Getting Smart With Big Data

How smaller companies are becoming increasingly sophisticated about analyzing multiple forms of data.

May 10 2013 by William J. Holstein

IBM’s Advice to Mid-Sized Company CEOs

Ed Abrams, IBM’s vice president for the midmarket and the company’s top official concentrating on small and medium-sized companies, offers these tips on how to proceed with analytical projects.

“Your first step is identifying areas of future growth. Where is the opportunity going to come from? Then, work with IBM and business partners and your Information Technology staff to unlock the insights that are in the information you are already collecting. Chances are, you have a ton of information and you don’t know you’re collecting it, say, from mobile systems being used by the sales force.

“Working with our partners is the way most CEOs in this segment want to work. They want to work with someone local, who knows them and knows their business. They don’t want to get lost in a big company. Our resellers have real expertise in that regard.

“How do you put it together in a way that makes sense for you? The smart answer is to start small and grow. Take pieces of the information you have at your disposal to start this process. What often makes these analytic projects difficult is that a CEO will try to solve for everything at once. Our advice is, start with an aspect of business. Build, learn, develop and identify the things that work for you; then build off of that. Don’t go in and say, “I’m going to build a giant data analytic group within my organization.” Start with simple dashboards that give you insight into what you’ve already got.”

Desert Mountain Uses Data Analytics to Keep Golf Courses Green

The Desert Mountain golf club has a unique set of challenges. As the largest private club in the U.S., it boasts six 18-hole courses designed by Jack Nicklaus and needs 1.2 million gallons of water each night to keep the courses in tip-top condition. But the club is located on 8,000 acres in Scottsdale, Arizona, where water and the electricity needed to distribute it are in scarce supply and therefore very expensive.

Desert Mountain, with $63 million in annual sales, turned to technology to help address the challenge. It bought IBM Intelligent Operations Center software for $150,000 that allows it to analyze data from individual sensors located on all six courses about levels of humidity in the soil. The system is still being rolled out, but each course has as many as 1,000 sensors because different species of grass and other plants require different levels of moisture to survive and thrive. On 10-minute intervals, the sensors transmit their findings wirelessly to the club’s operations center, and employees also transmit findings from hand-held devices as they survey the courses and its lakes.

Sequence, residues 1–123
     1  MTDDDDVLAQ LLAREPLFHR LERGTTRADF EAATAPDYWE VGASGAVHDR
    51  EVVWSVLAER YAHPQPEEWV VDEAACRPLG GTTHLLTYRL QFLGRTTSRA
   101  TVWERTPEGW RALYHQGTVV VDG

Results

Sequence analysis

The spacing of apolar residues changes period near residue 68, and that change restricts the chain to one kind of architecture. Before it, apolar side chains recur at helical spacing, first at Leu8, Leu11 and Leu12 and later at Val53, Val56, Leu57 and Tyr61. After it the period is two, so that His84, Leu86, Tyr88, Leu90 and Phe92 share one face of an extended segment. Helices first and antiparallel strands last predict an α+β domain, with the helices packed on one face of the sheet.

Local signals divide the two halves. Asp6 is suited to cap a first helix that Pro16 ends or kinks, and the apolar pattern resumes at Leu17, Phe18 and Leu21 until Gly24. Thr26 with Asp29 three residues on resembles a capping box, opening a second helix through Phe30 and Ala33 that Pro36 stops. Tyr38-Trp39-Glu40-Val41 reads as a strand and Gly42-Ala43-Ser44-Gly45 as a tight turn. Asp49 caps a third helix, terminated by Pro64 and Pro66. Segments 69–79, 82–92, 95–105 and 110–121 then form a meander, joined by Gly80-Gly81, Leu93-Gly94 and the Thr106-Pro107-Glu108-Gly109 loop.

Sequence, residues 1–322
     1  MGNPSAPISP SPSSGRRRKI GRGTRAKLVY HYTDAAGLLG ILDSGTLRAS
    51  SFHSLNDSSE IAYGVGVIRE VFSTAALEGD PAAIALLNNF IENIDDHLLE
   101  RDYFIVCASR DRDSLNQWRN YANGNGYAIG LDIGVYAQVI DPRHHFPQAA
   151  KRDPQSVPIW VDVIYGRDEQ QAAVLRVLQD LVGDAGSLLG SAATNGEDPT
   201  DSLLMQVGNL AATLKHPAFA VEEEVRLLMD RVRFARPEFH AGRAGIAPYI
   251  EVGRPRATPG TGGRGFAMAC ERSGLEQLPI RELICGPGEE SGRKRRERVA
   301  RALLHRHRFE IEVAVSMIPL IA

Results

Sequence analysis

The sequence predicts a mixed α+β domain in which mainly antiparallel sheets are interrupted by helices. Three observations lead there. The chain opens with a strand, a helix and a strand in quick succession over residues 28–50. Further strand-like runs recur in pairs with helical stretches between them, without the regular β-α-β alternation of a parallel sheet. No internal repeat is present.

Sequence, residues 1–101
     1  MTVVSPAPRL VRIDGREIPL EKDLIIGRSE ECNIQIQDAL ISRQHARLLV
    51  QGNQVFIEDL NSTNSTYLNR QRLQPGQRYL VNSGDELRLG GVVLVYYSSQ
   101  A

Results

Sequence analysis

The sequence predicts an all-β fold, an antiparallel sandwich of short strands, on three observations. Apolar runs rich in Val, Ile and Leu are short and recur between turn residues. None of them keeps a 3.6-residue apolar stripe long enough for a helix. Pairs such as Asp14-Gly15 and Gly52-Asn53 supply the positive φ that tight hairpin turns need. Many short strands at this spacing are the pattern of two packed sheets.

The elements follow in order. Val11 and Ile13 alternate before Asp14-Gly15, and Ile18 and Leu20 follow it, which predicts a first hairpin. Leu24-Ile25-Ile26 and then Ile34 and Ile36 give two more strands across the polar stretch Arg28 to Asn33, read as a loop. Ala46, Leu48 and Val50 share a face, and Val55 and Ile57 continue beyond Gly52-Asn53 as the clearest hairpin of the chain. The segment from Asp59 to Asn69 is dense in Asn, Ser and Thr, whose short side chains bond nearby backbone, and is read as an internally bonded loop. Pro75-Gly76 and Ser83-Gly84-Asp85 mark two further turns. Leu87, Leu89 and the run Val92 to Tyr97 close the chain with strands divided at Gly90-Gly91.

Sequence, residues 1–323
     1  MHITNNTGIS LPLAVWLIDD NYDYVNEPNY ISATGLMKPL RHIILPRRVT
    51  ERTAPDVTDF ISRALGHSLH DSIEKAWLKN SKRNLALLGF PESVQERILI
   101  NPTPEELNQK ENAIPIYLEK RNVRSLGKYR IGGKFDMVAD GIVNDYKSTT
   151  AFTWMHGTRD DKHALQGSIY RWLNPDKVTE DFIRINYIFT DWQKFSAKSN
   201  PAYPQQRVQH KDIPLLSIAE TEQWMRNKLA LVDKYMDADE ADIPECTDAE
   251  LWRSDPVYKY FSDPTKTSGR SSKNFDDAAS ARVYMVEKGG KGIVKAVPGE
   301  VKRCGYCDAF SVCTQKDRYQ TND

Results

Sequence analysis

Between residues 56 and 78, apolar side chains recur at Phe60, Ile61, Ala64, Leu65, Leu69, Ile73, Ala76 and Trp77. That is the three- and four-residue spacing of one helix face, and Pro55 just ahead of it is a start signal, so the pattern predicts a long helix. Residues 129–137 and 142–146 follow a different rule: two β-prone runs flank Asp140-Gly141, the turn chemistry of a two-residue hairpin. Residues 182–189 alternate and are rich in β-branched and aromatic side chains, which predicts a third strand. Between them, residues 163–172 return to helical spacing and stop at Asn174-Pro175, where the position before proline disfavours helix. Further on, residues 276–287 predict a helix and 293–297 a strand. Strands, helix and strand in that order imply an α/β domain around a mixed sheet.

The system crunches both the structured and unstructured data—such as weather forecasts—and helps managers make decisions about which individual sprinkler heads on which courses need how much water each night. The water is recycled waste-water purchased from the city of Scottsdale. It is dispersed at night because that is when electricity is cheapest. Altogether, Chief Operating Officer Robert Jones estimates that the total cost of equipping each course with this system is about $250,000, including elements like the advanced sprinkler systems, sensors and wireless transmission gear.

But over the course of a mere three years, Jones reckons that the investment will pay off. “It represents millions and millions of dollars if we can control the amount of water we use,” he says. Because the club uses more than 1 billion gallons each year, even a 10 percent improvement in water usage will make the investment pay off in that three-year time frame. “Our water doesn’t go on unless our system tells us that the ground has reached a certain temperature of dryness stage and the turf needs it,” Jones explains. “Then it tells us how much water we need to buy.”

Desert Mountain relied on a local computer systems integrator, Element Blue, to put all the elements of the state-of-the-art system together. Like many small and medium-sized companies, it did not deal with IBM directly. But IBM’s analytics was the right solution because it could accommodate the data from other companies’ sensors and devices and translate it into one common “language.” Jones is confident that the net result is the most efficient use of water. “What used to be somebody’s guess or a Scientific Wild-Assed Guess (SWAG) has now turned into a very sophisticated decision based on what’s the best way to get the water out there,” he says. “It’s new technology managing old stuff.”


  • Small and medium-sized companies can buy sophisticated analytic tools for very little money
  • SMEs often can absorb and exploit these technologies faster and better than larger organizations
  • The rate of ROI in these technologies is high when implemented correctly